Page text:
Family Capitalism: Wendels, Haniels, Falcks, and the Continental European Model
James' purpose is refreshingly different.
Business history in family business studies: from neglect to cooperation? | Emerald Insight
His book explores how family businesses have shaped and been shaped by factors such as technological change, political upheavals, and various personalities in the context of Continental European traditions of business and commerce. James thereby illustrates some of the advantages enjoyed by family enterprises--in this case, quite large businesses--in terms of managing and mediating economic turmoil and risk over long periods of time, not to mention coping with the forces unleashed by Schumpeterian creative destruction.
He also presents a formidable argument to indicate that attention to families as social entities and economic actors should cause scholars from a range of disciplines to rethink traditional visions of the dynamic between the market and state institutions. To explore these themes, James examines three European business families--the Wendels of France, the Haniels of Germany, and the Author: Samuel Gregg. Date: Sept.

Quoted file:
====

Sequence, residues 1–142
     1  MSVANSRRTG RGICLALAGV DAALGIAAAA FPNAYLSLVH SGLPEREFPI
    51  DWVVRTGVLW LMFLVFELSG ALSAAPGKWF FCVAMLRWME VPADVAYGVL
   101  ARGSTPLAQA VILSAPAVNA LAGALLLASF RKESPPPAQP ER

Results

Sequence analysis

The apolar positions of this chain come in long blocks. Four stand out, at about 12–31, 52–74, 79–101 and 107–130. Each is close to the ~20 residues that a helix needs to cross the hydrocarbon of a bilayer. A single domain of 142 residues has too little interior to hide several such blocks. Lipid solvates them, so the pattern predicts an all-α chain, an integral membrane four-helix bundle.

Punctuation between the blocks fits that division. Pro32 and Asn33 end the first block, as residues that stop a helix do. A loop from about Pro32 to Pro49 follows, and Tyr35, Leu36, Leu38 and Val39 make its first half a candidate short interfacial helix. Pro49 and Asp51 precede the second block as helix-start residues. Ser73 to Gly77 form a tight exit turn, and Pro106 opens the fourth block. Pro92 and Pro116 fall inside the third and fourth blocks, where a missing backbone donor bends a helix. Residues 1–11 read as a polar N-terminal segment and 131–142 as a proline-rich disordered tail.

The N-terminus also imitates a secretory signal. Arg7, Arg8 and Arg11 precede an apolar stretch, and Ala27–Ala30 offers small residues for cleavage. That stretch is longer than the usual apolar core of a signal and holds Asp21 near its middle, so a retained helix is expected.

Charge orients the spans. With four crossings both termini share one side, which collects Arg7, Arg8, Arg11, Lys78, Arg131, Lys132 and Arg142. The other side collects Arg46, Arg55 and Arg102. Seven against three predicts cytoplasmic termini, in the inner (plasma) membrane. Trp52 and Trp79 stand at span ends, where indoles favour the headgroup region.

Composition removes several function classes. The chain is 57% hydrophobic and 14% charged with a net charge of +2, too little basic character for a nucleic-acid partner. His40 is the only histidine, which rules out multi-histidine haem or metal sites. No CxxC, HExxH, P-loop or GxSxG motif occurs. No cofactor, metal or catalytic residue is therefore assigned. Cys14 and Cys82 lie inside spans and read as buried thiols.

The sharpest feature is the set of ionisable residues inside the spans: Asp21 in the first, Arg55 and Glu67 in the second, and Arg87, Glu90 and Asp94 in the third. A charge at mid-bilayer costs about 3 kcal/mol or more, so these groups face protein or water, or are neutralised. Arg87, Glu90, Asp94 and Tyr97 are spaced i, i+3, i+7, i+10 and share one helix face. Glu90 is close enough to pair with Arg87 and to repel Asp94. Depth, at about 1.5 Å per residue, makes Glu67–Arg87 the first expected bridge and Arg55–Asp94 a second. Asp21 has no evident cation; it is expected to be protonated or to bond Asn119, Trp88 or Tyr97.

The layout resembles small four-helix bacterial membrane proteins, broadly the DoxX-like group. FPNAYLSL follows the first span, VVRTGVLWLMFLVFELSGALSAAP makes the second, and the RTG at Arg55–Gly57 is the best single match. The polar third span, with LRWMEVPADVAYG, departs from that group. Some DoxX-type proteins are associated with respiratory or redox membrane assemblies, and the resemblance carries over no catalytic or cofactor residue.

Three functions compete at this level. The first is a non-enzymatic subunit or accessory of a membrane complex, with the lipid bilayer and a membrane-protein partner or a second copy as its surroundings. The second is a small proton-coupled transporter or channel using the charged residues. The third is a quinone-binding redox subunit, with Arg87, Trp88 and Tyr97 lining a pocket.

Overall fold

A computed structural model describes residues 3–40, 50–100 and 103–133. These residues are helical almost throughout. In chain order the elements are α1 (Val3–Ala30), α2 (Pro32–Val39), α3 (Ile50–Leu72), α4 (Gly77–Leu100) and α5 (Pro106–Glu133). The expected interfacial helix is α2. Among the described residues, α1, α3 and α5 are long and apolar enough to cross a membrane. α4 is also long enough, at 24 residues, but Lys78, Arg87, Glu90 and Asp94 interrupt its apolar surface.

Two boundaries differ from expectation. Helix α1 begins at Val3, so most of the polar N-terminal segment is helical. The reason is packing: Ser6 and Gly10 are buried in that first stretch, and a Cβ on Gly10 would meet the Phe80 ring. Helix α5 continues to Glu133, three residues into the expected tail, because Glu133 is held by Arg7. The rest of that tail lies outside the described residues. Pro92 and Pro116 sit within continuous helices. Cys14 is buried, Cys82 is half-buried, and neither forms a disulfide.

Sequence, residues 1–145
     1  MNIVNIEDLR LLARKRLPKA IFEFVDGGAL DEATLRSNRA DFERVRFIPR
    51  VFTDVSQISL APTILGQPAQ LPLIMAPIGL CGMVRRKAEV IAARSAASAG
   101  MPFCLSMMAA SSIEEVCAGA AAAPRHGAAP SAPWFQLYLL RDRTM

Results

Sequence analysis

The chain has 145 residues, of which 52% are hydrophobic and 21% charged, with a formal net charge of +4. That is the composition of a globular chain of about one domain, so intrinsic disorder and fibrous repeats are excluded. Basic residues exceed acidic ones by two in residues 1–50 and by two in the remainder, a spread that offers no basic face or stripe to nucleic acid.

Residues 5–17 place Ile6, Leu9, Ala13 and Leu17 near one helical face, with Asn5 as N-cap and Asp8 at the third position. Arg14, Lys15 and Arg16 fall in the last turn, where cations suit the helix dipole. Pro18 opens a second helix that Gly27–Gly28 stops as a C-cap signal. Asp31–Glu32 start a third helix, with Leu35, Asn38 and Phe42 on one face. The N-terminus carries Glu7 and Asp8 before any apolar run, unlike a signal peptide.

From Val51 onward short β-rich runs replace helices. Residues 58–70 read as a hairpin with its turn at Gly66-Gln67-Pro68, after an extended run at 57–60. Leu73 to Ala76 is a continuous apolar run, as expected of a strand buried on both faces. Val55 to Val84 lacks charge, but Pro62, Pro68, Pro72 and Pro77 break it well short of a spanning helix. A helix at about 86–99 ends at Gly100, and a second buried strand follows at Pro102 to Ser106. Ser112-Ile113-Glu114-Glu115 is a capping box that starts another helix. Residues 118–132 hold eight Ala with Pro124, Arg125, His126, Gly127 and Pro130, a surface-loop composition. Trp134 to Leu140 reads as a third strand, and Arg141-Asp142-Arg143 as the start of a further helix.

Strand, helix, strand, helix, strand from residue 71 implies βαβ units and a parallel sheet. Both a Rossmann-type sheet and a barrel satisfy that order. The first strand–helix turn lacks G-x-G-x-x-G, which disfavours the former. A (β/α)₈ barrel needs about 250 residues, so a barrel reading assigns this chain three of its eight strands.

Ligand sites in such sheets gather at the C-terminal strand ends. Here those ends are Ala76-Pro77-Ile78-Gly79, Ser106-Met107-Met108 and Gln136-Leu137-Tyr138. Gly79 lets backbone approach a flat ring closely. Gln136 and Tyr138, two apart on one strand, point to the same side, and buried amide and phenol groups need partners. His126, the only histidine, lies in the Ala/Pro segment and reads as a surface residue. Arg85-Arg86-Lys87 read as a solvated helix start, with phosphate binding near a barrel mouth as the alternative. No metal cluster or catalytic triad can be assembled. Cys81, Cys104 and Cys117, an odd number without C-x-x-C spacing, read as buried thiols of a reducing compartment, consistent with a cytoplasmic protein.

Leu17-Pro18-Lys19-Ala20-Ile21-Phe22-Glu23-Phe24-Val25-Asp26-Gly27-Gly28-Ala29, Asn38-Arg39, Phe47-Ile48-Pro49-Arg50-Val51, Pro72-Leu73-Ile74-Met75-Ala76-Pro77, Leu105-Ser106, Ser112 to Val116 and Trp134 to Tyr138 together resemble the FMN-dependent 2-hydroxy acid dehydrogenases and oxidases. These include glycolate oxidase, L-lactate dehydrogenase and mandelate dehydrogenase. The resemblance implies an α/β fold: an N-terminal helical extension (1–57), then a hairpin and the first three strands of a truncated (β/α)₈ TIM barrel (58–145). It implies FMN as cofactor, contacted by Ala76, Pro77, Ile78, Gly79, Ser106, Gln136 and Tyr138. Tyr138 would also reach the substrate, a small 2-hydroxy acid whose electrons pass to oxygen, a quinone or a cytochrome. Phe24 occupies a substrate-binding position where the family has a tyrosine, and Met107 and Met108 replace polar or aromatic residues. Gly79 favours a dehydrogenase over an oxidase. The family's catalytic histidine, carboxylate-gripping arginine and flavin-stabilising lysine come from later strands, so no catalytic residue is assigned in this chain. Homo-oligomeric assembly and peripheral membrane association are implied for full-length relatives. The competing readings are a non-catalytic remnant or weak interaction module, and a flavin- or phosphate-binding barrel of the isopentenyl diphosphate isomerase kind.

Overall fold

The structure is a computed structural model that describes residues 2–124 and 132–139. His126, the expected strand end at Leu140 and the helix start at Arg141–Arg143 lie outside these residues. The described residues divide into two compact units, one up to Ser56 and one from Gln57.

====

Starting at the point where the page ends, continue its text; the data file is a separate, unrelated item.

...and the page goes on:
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Publisher: Acton Institute. Now professor Badaracco uses characters from Death of a Salesman, The Last Tycoon, and other works to examine such leadership challenges as forging a sound vision and managing success. Personal relationships are critical to business relationships in places as networked as China—a lesson Microsoft learned while managing a large laboratory in Beijing. Technology writers Buderi and Huang show what happens when companies pursue their most sophisticated activities in developing nations.
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